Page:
The Hidden Rise in Toxic Air Pollution during the COVID-19 Pandemic: is our response worsening the respiratory burden of particulate matter in the UK?

  • Funded by UK Research and Innovation (UKRI)
  • Total publications:1 publications

Grant number: NE/V009400/1

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Key facts

  • Disease

    COVID-19
  • Known Financial Commitments (USD)

    $64,780.69
  • Funder

    UK Research and Innovation (UKRI)
  • Principle Investigator

    Pending
  • Research Location

    United Kingdom, Europe
  • Lead Research Institution

    University of Brighton
  • Research Category

    Secondary impacts of disease, response & control measures

  • Research Subcategory

    Other secondary impacts

  • Special Interest Tags

    Gender

  • Study Subject

    Non-Clinical

  • Clinical Trial Details

    N/A

  • Broad Policy Alignment

    Pending

  • Age Group

    Not Applicable

  • Vulnerable Population

    Not applicable

  • Occupations of Interest

    Not applicable

Abstract

Recent research has highlighted the concerning paradigm that reducing ambient concentrations of legislated air pollution, in the form of PM2.5, may lead to a decline in air quality by increasing the concentration of more harmful ultrafine particles (UFP; diameter less than 100nm). It has been shown that PM2.5 plays a crucial role in suppression of UFP numbers, with larger PM2.5 particles acting to scavenge the more toxic UFP from the air. Consequently, removal of PM2.5 as a UFP sink may result in enhanced ambient UFP numbers, particularly if UFP emissions and gaseous precursor concentrations remain unchecked. With the outbreak of the COVID-19 pandemic, anthropogenic activity around the globe has decreased in a vast and unprecedented manner, to such an extent that concentrations of commonly measured primary air pollutants have decreased dramatically. However, levels of secondary pollutants (which often correlate with finest UFP fractions) have already begun to rise. It follows that this sudden, global drop in anthropogenic activity and ambient PM2.5 has the potential to drive an unexpected and potentially significant increase in UFP concentrations and associated detrimental health effects. If we are now inadvertently adding an unlooked-for cardio-respiratory pollutant into the air at a time when many are vulnerable to a virus that impacts the respiratory system, we risk widening the COVID-19 'window of vulnerability', where increased UFP exposure acts to exacerbate underlying conditions for individuals with pre-existing co-morbidities, who may otherwise be considered 'lower risk', and worsen the impact of the virus for those already considered as 'at risk'.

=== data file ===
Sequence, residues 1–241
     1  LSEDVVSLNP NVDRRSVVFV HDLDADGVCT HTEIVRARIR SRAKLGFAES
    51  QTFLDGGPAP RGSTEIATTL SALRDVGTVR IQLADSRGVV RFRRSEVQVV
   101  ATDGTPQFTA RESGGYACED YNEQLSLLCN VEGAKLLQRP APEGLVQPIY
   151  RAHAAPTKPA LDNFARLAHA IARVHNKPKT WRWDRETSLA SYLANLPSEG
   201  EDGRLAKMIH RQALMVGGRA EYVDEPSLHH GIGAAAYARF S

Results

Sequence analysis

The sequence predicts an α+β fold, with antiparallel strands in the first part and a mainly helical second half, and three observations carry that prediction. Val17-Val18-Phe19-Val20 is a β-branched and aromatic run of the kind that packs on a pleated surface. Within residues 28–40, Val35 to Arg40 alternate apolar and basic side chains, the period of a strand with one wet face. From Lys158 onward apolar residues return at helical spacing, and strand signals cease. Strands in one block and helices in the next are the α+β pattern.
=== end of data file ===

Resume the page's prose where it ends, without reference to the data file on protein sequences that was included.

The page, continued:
Publicationslinked via Europe PMC

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View all publications at Europe PMC

Changes in ambient air quality and atmospheric composition and reactivity in the South East of the UK as a result of the COVID-19 lockdown.